A sign on ‘Oahu’s North Shore urges beqchgoers to stay out of the water during hazardous ocean conditions. Video grab courtesy of DLNR

Maintenance workers with the state Department of Land and Natural Resources began today the process today of cleaning up from the weekend’s powerful winter storm. Though the whole state felt the impact of the storm at some level, it appears Kaua‘i’s state parks suffered the biggest impacts from the powerful winds that swept across Hawai‘i, according to a DLNR press release.

State parks on Kaua‘i got the brunt of damaging winds. At Koke‘e and Waimea Canyon State Parks strong winds brought down numerous trees, power, and telephone lines. A waterline was severed when a tree fell on it, and 150,000 gallons drained from the park’s main tank. Power is currently out in the parks and without it pumps are inoperable and eventually the tank could run dry. The leak has been identified and isolated and repairs are beginning. Carswell, Camp Sloggett and the Division of Conservation and Resources Enforcement cabin are currently without water.

Elsewhere on Kaua‘i, wind blew the roof off the Russian Fort Elizabeth comfort station and crews are in the process of fixing it. One half of the Fern Grotto trail in Wailua River State Park is closed because of fallen trees and crews are also working to clear it.

Heavy surf and high winds broke nine vessels away from their off-shore moorings on Maui and Molokai. At the Lahaina Small Boat Harbor on Maui six boats ended up on rocks on the shoreline. Two boats came ashore in Kihei one on Molokai. The DLNR Division of Boating and Ocean Recreation requires all mooring permittees to maintain their moorings and to have insurance to help facilitate the safe removal of the crafts. Waves inundated the parking lot at the Hale‘iwa Small Boat Harbor late Sunday afternoon, but there was no damage and the water has receded.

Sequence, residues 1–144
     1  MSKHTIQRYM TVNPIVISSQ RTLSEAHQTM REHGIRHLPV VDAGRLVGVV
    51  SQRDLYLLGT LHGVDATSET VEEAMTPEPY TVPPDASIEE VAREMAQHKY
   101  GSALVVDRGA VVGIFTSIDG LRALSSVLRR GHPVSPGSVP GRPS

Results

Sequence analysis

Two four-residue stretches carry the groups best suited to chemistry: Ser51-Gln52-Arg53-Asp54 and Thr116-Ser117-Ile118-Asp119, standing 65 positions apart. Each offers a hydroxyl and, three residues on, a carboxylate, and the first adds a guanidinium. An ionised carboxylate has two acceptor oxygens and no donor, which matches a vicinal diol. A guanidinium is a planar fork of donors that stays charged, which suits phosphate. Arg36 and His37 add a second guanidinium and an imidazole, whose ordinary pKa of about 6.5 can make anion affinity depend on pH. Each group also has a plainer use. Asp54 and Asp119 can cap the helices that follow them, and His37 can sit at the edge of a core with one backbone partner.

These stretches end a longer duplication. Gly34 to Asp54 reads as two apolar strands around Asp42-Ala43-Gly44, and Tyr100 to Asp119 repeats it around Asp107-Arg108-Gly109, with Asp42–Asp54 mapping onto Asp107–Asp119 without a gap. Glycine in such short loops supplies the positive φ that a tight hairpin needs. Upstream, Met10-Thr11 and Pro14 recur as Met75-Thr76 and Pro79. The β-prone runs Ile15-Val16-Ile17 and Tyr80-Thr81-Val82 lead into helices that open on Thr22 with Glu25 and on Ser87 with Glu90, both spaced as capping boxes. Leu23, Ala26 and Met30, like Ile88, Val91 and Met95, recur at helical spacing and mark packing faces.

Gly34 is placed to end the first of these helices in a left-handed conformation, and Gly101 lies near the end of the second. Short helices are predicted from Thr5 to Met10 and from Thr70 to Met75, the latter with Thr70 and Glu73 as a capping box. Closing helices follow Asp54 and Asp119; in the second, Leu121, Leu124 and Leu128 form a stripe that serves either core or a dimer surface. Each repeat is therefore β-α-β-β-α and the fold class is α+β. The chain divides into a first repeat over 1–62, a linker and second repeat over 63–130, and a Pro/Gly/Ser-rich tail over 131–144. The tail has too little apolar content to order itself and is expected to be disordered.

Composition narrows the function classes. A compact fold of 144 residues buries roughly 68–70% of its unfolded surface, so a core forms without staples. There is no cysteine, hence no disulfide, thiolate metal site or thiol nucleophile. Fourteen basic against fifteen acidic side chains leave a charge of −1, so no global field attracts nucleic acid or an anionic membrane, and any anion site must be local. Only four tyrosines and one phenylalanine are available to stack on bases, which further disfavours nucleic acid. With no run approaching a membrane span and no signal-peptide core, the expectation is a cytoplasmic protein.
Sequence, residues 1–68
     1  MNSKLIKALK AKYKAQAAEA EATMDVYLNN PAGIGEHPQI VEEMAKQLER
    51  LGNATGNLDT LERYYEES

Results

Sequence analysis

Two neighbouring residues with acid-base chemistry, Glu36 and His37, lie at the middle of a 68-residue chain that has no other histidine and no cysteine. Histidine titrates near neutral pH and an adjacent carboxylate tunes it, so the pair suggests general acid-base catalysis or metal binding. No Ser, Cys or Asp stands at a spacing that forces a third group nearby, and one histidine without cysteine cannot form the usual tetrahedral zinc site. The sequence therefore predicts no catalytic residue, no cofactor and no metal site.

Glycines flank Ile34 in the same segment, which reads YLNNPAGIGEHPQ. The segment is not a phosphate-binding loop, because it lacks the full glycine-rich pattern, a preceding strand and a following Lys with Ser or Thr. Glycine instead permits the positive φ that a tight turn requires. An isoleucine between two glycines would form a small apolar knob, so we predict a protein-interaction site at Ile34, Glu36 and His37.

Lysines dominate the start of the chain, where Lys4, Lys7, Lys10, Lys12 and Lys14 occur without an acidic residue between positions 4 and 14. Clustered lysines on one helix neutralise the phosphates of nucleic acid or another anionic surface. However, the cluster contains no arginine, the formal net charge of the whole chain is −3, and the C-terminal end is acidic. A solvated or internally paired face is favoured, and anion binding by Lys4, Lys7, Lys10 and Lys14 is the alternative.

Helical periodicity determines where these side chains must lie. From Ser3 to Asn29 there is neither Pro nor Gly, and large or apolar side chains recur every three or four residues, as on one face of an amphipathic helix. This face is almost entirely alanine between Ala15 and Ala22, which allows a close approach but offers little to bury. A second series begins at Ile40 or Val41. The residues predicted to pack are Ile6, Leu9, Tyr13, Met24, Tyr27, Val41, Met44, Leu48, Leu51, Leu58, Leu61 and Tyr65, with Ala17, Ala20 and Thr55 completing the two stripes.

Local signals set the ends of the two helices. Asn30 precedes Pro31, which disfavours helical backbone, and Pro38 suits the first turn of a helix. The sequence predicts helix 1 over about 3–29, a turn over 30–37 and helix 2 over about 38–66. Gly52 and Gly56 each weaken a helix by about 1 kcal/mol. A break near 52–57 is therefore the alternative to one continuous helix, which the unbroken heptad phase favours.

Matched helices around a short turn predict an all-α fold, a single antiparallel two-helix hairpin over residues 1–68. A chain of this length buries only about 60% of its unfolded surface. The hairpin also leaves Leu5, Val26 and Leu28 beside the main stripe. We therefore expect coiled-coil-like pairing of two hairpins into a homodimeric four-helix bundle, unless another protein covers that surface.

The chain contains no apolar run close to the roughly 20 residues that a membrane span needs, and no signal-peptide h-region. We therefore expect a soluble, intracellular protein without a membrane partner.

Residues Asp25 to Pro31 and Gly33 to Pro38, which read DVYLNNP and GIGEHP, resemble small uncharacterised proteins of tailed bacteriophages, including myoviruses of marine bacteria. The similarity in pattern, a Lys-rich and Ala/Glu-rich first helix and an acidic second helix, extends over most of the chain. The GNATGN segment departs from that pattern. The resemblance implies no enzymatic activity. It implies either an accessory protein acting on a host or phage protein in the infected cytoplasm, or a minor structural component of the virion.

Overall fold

On ‘Oahu, the Ka‘iwi tidepools trail remains closed due to continued dangerous sea conditions. Vehicle access into the Ka‘ena Point State Park Reserve on the Mokulēʻia side remains closed to give the road a chance to dry out. Hikers and bikers are allowed in the park which is the gateway to the Ka‘ena Point Natural Area Reserve at O‘ahu’s most northwestern point. On the Keawa‘ula side the road is now reopened to the third dip in the road. It is filled with water and as soon as it drains the entire road will reopen.

No damage has been reported so far by the DLNR Division of State Parks on O‘ahu, Maui, Molokai and Hawai‘i island. Some parks, that closed in advance of the storm will likely reopen soon, though crews are still assessing any damage or safety issues. Please check the DLNR Division of State Parks website for updates: http://dlnr.hawaii.gov/dsp/

The DLNR Division of Historic Preservation has not received any reports of iwi kupuna (ancestral remains) being uncovered along coastlines impacted by unprecedented wave run-up but anticipate getting them as water begins receding. Report any findings to SHPD at 808-692-8015. The division reminds people that disturbing any iwi kupuna is potentially a criminal violation and is considered culturally disrespectful.

DLNR Winter Storm Monitoring, 2-10-19 from Hawaii DLNR on Vimeo.